The Caesarean

Front Cover
Free Association Books, 2004 - Medical - 162 pages
2 Reviews
How did a magnificent rescue operation become such a common way of giving birth? And how safe is it really? Why do some countries have 10 percent caesarean births, and some more than 50 percent? Why have risky procedures, such as forceps deliveries, not been eliminated by the C-section? What are the very first microbes met by a caesarean-born baby? Is it easy to breastfeed after a caesarean? What do mother and baby miss out on by not sharing a vaginal birth? What do we know about the long-term consequences of being born by caesarean and of giving birth by caesarean? What is the future of a civilization born by caesarean? Having been involved in half a century of the history of the caesarean, Dr. Michel Odent is uniquely and authoritatively equipped to deal with these vital and urgent questions.

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Review: The Caesarean

User Review  - Tanya - Goodreads

It was very informative book. I am glad I put time to read it. But as far as considering only natural delivery, I personally did not need to learn the details about Caesarean. I'd rather save my time ... Read full review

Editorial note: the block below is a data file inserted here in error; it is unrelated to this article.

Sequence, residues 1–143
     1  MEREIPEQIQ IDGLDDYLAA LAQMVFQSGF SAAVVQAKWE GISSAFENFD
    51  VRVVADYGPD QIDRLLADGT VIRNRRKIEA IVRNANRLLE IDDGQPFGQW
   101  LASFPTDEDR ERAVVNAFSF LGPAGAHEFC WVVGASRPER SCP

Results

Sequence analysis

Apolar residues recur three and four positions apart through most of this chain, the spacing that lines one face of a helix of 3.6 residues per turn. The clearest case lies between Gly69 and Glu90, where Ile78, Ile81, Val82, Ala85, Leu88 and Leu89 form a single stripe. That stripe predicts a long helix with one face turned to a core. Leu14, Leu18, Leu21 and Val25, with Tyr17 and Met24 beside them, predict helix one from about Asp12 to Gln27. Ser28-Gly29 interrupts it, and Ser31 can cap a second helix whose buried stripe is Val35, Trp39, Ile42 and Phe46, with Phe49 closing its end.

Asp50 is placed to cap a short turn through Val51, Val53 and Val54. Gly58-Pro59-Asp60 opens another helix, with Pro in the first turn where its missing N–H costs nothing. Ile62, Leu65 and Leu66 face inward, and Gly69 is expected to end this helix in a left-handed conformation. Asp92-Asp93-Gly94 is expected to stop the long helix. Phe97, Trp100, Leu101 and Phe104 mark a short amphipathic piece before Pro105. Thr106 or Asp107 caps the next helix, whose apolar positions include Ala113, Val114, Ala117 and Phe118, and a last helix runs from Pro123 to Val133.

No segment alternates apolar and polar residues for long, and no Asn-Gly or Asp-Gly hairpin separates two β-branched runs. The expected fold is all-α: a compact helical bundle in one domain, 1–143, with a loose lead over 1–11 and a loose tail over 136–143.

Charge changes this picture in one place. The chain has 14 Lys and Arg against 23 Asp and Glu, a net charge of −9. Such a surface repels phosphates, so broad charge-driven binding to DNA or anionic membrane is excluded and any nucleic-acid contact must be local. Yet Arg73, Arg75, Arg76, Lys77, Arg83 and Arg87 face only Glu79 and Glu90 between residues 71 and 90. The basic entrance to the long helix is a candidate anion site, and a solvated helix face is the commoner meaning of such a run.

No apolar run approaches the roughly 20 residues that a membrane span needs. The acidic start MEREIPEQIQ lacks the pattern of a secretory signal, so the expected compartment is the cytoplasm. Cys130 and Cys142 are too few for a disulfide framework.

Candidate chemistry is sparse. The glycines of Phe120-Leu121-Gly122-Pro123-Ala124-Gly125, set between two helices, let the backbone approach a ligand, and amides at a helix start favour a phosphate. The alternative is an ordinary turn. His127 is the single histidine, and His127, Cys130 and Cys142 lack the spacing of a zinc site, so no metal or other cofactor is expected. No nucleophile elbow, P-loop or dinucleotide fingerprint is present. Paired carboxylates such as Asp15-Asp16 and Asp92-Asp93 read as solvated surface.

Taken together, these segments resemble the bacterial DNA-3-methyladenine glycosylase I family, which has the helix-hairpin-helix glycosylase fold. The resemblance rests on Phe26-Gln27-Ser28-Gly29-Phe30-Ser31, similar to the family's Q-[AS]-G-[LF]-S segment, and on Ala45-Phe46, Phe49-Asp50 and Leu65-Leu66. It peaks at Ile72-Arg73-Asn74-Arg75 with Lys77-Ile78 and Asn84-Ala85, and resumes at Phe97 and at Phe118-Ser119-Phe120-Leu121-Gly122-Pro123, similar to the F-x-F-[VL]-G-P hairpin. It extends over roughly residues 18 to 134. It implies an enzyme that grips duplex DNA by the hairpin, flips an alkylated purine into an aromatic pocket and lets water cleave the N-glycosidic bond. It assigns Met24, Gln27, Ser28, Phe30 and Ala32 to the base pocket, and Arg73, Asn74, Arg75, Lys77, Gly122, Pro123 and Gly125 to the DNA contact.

Review: The Caesarean

User Review  - Anh - Goodreads

I guess it's a case of - if you agree with Michel Odent, then there's not much to disagree with, is there. A few things I thought were a bit irresponsible re: attempts to link between caesarean and ... Read full review



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About the author (2004)

Michel Odent is the founder of the Primal Health Research Centre, in London, whose objective is to study correlations between what happens during the 'primal period' (from conception until the first birthday) and health and behaviour later on in life.

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